“While they were eating, Jesus took bread, gave thanks and broke it, and gave it to his disciples, saying, “Take and eat; this is my body.” Then he took the cup, gave thanks and offered it to them, saying, “Drink from it, all of you. This is my blood of the covenant, which is poured out for many for the forgiveness of sins” (Matthew 26:26-28, NIV).
Many who are in the process of doubting the validity of Yeshua as Mashiach have pointed to this passage and condemned it as a pagan rite, foreign to Judaism, recalling the Torah’s prohibition against eating unclean meats and consuming blood. My question is this: Is Yeshua telling us to literally partake of his flesh and blood? My answer is an adamant “no” (no matter what the Roman church says about transubstantiation). Yeshua is not cutting himself or doing any kind of bloodletting ceremony in which his disciples will actually participate in some form of cannibalism. If this is not the case, then it would be good to search for any similar language in Torah that might help us to better understand his intent for these expressions. We have such an expression in parashat Shelach.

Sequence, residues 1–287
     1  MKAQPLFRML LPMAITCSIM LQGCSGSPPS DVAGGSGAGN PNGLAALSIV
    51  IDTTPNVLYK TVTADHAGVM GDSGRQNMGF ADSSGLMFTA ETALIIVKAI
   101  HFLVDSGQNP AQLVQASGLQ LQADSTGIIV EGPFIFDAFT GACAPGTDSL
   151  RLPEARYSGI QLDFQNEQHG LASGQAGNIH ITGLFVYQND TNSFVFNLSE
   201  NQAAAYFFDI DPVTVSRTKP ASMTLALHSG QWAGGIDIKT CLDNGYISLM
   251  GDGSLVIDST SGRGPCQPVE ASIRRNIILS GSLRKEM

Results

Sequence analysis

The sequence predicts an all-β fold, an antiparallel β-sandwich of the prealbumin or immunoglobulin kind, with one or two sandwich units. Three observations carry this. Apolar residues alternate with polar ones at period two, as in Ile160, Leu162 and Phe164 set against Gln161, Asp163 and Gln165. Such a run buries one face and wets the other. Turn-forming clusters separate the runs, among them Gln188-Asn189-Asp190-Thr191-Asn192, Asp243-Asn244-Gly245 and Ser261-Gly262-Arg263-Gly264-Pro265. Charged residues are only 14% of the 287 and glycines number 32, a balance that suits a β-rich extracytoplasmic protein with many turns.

“Only do not rebel against the LORD, nor fear the people of the land, for they are our bread; their protection has departed from them, and the LORD is with us. Do not fear them.” (Numbers 14:9, NKJV)
In this passage, the New King James (as well as the KJV) preserve the idiom for us by saying “for they are our bread.” The Hebrew attests to this with the phrase כִּי לַחְמֵנוּ הֵם (literally, “for your bread are they”).
How is this passage intended to be understood? The NIV renders it as “we will swallow them up.” The NASB says, “they will be our prey.” These hit on the basic meaning of this phrase. Just as this phrase is not to be understood literally, neither are the words of the Master. When he tells his disciples to “eat his fleash” and “drink his blood,” he is telling them that they must “consume” him—that he must become their all. He is their connection to the Father. He has become their spiritual sustenance by which they receive their spiritual nourishment. Modern chasidism is replete with correlations to this concept, for which there is too little time to spend explaining here. However, if you would like to understand more about this concept, check out this excellent audio teaching by R’ Manis Friedman for an incredible insight into the relationship between a rebbe and his chasid, and think about your relationship to your rebbe – The Rebbe, Yeshua HaMashiach.
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